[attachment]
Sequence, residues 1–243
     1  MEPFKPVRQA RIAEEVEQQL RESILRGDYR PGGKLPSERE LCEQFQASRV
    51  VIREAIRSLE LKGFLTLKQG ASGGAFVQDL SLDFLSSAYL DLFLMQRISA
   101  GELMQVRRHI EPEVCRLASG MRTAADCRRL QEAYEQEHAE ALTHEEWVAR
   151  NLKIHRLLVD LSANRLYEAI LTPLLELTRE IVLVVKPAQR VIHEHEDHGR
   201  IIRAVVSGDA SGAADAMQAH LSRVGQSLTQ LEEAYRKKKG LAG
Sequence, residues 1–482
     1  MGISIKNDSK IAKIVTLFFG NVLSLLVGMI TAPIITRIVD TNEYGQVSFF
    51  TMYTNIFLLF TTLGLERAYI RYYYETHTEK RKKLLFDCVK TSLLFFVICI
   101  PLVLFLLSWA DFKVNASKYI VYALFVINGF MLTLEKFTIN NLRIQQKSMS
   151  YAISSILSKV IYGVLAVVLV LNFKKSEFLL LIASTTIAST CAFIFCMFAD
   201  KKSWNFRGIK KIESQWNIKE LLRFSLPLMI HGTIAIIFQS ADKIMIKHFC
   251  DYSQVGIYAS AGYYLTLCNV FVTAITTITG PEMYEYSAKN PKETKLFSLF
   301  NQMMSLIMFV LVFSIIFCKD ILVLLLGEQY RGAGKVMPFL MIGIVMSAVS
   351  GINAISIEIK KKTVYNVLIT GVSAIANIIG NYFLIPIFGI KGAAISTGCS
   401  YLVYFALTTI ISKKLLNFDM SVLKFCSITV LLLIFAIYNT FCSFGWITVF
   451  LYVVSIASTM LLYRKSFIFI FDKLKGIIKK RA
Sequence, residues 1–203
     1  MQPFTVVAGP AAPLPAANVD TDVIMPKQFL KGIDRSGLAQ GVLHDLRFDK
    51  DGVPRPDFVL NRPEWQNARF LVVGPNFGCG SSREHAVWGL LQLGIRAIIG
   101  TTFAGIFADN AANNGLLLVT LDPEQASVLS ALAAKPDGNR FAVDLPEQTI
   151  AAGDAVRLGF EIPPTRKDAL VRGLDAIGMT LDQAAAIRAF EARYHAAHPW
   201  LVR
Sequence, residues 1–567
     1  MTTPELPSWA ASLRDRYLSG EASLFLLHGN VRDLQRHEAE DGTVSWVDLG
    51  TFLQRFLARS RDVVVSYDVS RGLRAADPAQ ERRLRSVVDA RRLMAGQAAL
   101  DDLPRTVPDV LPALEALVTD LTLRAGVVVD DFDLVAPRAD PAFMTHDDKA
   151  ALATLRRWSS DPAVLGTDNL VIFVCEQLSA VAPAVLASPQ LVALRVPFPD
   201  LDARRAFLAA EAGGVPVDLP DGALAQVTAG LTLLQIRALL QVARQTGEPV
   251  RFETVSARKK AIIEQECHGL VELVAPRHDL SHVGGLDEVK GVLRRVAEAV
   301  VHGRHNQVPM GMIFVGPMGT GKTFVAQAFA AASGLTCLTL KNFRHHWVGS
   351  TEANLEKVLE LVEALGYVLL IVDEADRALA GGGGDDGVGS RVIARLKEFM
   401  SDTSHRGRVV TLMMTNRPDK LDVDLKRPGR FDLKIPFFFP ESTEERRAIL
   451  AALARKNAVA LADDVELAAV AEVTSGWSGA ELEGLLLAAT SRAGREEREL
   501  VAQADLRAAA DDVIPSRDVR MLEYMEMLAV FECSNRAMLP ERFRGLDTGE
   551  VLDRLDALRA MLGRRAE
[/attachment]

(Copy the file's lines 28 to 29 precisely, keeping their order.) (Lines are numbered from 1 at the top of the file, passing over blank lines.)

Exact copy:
   151  ALATLRRWSS DPAVLGTDNL VIFVCEQLSA VAPAVLASPQ LVALRVPFPD
   201  LDARRAFLAA EAGGVPVDLP DGALAQVTAG LTLLQIRALL QVARQTGEPV